Leading up to Super Bowl XLVI there was endless talk of legacy. How will Belichick, Brady, Coughlin, and Manning be remembered? How will the last two Super Bowl meetings place each man in the history of the sport? Will a loss by the Patriots drop Brady and Belichick to a lower level of greatness? Will a lot of people question their greatness completely given the recent struggles in big games? Will Eli and Coughlin punch their Hall of Fame ticket with a victory?
Initially, I was going to write about how Tom Brady's past success was team oriented. He was surrounded by great players, and was the beneficiary of a lot of their skill.
Those teams created an ungodly amount of turnovers. In the three Super Bowl wins, the Patriots defense racked up 25 turnovers, while giving the ball away only 5 times. That's going to win you games.
Since 2006 the Patriots have played in 13 playoff games, turned the ball over 24 times, and only forced 19 turnovers. These are the things that people did not remember when they woke up Monday morning after a tough Super Bowl loss.
They don't remember the leads that have been given up by the defense in the fourth quarter of games.
They don't remember the 4th and 16 where Brady maneuvered in the pocket and breathed life into the team, giving the Patriots that last ditch Hail Mary effort.
They don't remember that an unknown named J.R. Redmond caught a huge screen pass in New Orleans to set up Vinatieri's game winner against the Rams.
They don't remember David Patten making an unreal catch in the Super Bowl against the Rams.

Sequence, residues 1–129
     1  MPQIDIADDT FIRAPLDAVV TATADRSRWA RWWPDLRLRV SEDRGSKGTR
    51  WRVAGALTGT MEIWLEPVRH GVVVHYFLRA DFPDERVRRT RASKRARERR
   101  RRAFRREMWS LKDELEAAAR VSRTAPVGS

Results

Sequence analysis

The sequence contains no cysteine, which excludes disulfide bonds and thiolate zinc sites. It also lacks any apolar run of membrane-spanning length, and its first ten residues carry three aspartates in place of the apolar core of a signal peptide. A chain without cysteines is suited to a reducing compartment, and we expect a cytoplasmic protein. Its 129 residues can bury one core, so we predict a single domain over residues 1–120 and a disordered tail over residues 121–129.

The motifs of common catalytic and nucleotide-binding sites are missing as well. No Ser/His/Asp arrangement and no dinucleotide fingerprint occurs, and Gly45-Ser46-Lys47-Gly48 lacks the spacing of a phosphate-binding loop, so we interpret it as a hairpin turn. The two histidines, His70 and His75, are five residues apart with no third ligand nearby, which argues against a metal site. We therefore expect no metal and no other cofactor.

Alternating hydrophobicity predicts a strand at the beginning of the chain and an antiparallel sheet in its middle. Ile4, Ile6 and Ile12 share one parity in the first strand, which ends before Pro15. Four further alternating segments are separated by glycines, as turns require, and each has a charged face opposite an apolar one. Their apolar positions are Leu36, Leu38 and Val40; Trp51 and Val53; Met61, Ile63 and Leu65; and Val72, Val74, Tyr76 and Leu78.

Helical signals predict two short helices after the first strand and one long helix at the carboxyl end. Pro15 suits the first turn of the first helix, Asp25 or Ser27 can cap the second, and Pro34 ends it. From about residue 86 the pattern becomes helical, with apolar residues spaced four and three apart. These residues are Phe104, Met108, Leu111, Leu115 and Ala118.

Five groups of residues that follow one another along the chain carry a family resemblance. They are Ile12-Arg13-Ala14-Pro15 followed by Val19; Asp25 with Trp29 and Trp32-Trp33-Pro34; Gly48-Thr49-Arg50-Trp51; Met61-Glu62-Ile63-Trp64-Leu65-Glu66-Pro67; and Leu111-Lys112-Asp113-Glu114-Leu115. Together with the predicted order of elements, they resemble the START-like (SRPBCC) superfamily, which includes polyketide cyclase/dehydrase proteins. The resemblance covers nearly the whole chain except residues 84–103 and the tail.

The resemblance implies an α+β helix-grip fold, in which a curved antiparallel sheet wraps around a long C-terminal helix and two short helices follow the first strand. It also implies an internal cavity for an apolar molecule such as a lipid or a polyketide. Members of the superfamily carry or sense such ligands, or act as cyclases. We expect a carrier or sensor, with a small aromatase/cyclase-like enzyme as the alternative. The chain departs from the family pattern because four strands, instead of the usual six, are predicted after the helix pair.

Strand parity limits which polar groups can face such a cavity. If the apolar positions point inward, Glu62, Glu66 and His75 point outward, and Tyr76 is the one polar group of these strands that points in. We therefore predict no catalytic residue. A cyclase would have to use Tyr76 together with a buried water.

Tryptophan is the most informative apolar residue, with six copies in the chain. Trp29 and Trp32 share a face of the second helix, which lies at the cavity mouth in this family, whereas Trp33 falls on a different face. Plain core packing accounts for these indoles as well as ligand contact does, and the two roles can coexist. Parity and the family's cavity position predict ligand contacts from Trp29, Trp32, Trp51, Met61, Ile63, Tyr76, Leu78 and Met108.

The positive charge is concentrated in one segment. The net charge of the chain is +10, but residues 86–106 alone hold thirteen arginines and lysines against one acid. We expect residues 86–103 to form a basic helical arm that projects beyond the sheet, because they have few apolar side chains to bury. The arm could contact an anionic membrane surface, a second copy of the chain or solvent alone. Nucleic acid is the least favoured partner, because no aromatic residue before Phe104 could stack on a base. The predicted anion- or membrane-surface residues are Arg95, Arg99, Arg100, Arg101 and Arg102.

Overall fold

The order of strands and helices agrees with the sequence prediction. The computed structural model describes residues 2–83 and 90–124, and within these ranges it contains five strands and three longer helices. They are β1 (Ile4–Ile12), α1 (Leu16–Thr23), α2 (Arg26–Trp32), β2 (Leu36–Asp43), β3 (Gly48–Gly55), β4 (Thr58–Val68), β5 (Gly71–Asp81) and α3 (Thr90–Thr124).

They don't remember Troy Brown's punt return against the Steelers in Heinz Field.
All we remember as fans is the here and now, for better or for worse; that's the truth.
As I began thinking about Brady's legacy, the comparison always seems to be Montana. Now, people will no doubt scoff at you if you make that claim. They will say, "Montana won every Super Bowl he played in. Brady has lost twice, and he still doesn't have as many rings."
One thing fans are very good at doing is forgetting. I went back, looked at the numbers, and dug up some truth about this comparison.
First I wanted to see what types of turnover differentials those 49er teams had when they won Super Bowls. I wanted to see if Montana threw a lot of interceptions. Did his defense bail him out of some games? I found some interesting things.
The first thing I found amazing was that the 49ers won in spite of 6 turnovers during the NFC Championship game against the Cowboys. Montana threw 3 interceptions, but one catch by Dwight Clark in the back of the end zone was all it took to erase those mistakes.
Two years later, the 49ers won the Super Bowl. If you look at Montana's numbers in those three playoff games, you would be shocked they won. He threw 5 interceptions in the divisional and championship games combined. His QB ratings were 82.1 and 60.0, respectively. His defense allowed 10 points total in those two games, including a shutout. Montana did have a great Super Bowl, torching the Dolphins for 3 touchdowns and 321 yards passing. But he made it to that game in spite of himself.
Following that Super Bowl, Montana did the unthinkable; he lost three straight playoff games. Three in a row! Does anyone remember that? Does anyone talk about it? Of course not.
We don't remember Montana's QB ratings of 65, 34, 42. Montana's great performances, like 6 straight playoff wins from 1989-90 with 19 touchdowns and 1 interception, made us forget about them, and so did the progression of time.
So Montana had bad playoff games; he won some of them because of a defense that could hold off good teams. He also lost some of them, because that's what happens when a quarterback has a bad game. They win some and they lose some.
The second thing I noticed while perusing the 49ers records during Montana's career was was the lack of success he had against one very specific team. I'll give you a moment to think about what team that might be. Ready?
The New York Giants.
Joe Montana and those great 49er teams lost
all his last three playoff games against the Giants in the 1980s (2 on the road, one at home), and was knocked out of two of them. That makes Brady and Montana 2-5 against the Giants all time in the postseason. The scores of those three 49ers losses? 17-3, 49-3, and 15-13.